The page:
IIn 1973, four years after Neil Armstrong’s space boot struck moon dust in the most famous step ever taken by a man, a NASA report observed that: “Nasa sent three women into space. Two are Arabella and Anita – both spiders. The other is Miss Baker – a monkey. The report’s co-author, Ruth Bates Harris, who the space agency originally hired to head its Equal Opportunity Office, was described as a “disruptive force” and fired a month later.
The prospect of seeing women in space was nothing out of the ordinary. Ten years earlier, 26-year-old Soviet paratrooper Valentina Tereshkova had circled the Earth 48 times – a feat that was not met with enthusiasm by US officials, who traded rumors (that Tereshkova has denied) that she suffered “a kind of emotional breakdown” during the Second World War. flight. At Nasa itself, Jerrie Cobb had already successfully passed the same grueling physical and psychological tests the agency imposed on its all-male Mercury crews in 1960. space girl seems a bit like an astronaut.’) In 1962, Cobb appeared before a House subcommittee to argue for the place of women in the cadre of American astronauts. Her testimony was quickly dismissed by Mercury hero John Glenn, who remarked emphatically, “The fact that women are not active in this field is a fact of our social order. »
These twists and turns of breakthrough and frustration run through journalist Loren Grush’s gripping account of women’s battle for equality in spaceflight. During the early decades of the US space program, aspiring astronauts faced a stumbling block from a bureaucracy determined to prevent change. But by the mid-1970s, NASA had a new ship, the Space Shuttle, on board – and even the most regressive elements of the agency were realizing that it could no longer afford to exclude women and men. people of color. The shuttle, writes Grush, was intended to transform space travel from “something dangerous and expensive into a cheap, routine and safe enterprise”, which would require a wide range of civilian specialists as well as the macho military test pilots of the previous ones. eras. NASA asked African-American actress Nichelle Nichols – Lt. Uhura in Star Trek – to lead its new recruiting drive, and the cohort of 35 unveiled in January 1978 duly included four men of color alongside the “six “, the first female astronauts of the United States.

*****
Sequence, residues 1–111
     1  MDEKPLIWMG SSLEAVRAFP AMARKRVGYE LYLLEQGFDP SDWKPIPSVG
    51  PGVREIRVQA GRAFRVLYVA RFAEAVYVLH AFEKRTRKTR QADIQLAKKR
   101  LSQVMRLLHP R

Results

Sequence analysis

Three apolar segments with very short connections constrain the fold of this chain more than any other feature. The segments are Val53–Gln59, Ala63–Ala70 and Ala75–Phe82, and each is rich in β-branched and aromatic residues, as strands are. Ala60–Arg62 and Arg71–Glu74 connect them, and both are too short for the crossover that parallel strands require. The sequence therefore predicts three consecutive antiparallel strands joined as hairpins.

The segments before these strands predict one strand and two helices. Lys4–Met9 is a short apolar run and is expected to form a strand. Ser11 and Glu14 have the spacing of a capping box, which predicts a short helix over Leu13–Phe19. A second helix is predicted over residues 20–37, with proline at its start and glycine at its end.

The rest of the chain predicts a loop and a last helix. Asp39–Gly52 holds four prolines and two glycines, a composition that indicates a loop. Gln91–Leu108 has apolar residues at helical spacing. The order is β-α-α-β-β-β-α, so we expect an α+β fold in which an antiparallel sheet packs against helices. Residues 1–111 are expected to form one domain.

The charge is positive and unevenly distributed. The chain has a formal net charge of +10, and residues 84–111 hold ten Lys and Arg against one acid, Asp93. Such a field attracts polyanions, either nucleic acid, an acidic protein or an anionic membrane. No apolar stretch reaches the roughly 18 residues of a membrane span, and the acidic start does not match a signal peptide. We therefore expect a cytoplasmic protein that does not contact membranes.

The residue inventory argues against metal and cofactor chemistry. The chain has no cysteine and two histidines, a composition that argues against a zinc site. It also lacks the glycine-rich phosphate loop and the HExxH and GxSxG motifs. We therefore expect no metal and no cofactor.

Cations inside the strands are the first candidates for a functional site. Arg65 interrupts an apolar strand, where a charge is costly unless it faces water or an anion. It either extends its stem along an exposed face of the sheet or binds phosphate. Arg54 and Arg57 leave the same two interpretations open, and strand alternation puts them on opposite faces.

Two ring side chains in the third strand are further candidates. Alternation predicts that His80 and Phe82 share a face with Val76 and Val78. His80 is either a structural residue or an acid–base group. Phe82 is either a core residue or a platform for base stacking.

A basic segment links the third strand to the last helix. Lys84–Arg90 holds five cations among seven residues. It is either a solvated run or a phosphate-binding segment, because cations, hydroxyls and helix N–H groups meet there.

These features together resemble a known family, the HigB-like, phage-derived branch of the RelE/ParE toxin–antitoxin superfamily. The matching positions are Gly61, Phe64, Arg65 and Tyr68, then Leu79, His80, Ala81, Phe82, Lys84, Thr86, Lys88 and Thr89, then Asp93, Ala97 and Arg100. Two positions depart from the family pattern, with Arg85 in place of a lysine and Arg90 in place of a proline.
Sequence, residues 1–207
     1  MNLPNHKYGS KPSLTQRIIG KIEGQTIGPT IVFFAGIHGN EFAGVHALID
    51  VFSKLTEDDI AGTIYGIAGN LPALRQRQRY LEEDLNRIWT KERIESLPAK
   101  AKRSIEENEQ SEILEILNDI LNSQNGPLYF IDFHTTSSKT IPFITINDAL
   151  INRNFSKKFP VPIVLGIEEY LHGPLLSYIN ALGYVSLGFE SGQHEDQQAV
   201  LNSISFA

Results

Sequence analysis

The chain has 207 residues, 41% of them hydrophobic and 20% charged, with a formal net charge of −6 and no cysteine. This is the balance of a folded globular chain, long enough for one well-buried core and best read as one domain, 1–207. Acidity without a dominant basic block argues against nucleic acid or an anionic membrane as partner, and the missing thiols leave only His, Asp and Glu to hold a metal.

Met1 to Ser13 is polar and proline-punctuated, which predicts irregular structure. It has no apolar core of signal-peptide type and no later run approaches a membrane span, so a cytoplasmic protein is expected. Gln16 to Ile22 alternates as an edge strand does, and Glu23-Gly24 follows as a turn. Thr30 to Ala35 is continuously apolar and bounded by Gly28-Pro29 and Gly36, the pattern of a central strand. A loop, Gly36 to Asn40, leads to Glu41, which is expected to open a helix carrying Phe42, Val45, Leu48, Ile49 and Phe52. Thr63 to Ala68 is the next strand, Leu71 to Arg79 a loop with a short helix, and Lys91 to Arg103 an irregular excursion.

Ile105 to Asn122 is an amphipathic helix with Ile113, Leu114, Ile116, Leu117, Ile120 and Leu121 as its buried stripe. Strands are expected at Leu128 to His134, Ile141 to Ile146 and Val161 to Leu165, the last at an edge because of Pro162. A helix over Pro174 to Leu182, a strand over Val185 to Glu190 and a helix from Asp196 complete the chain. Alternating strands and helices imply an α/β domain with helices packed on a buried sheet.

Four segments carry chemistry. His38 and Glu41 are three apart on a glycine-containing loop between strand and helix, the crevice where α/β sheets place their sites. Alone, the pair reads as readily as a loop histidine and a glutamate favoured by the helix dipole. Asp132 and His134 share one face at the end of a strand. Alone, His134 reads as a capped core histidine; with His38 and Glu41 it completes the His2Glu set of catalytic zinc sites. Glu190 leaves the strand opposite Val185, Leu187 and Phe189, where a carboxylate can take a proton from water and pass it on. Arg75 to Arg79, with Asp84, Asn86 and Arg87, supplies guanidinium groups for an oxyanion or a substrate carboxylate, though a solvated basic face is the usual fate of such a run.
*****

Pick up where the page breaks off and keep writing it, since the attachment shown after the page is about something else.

Grush paints a vivid picture of the rigors faced by these driven and accomplished women before one of them, Sally Ride, became the first American in space in June 1983. (A few months earlier, the Soviets, determined as always to outdo their rivals, had sent their second cosmonaut to a space station, where she was greeted with flowers her colleagues had grown in orbit.) But The Six also has room for entertaining life anecdotes weightless – the gray matter devoted to adapting space toilets for women. ; NASA engineers solemnly ask if 100 tampons per astronaut would be enough for a week in space; Climb in telling mission control that spaceflight was like a VIP pass to Disneyland. Its most striking details include the negotiations over “appropriate” space clothing for biochemist Shannon Lucid when a Saudi prince was invited to join a shuttle mission in 1985; and the arrival of the first lock in space, sent by Nasa officials to the shuttle’s outer hatch, following a previous flight when “questions arose about a passenger’s emotional state” .
Readers encounter perspective lurches similar to those experienced by the book’s astronaut subjects. In one minute, the book describes the awe-inspiring experience of gazing at the division of day and night on the Earth’s surface, or the “thin royal blue line” of its atmosphere. The next focuses on the small details that determine the outcome of a mission: the improvised tools astronauts use to fix a faulty satellite; the small, potentially deadly splinter in the shuttle’s windshield; the cold, stiff O-rings that shattered during the Challenger’s launch in 1986, killing seven crew members, including Judy Resnik, one of the “six”.
This disaster, compounded by the loss of Columbia in 2003, changed NASA’s approach to spaceflight. The Shuttle program was a 20th century vision of a future that never came to pass; In the 21st century, superpower rivalry in space has given way to competition between tech billionaires. While the agency’s Artemis lunar program is still in its early stages, Elon Musk’s SpaceX is currently the only way for NASA astronauts to reach orbit. Grush writes optimistically that the growth of the commercial space industry will provide greater opportunities for female astronauts. Whatever happens next, The Six is an important record of their accomplishments so far.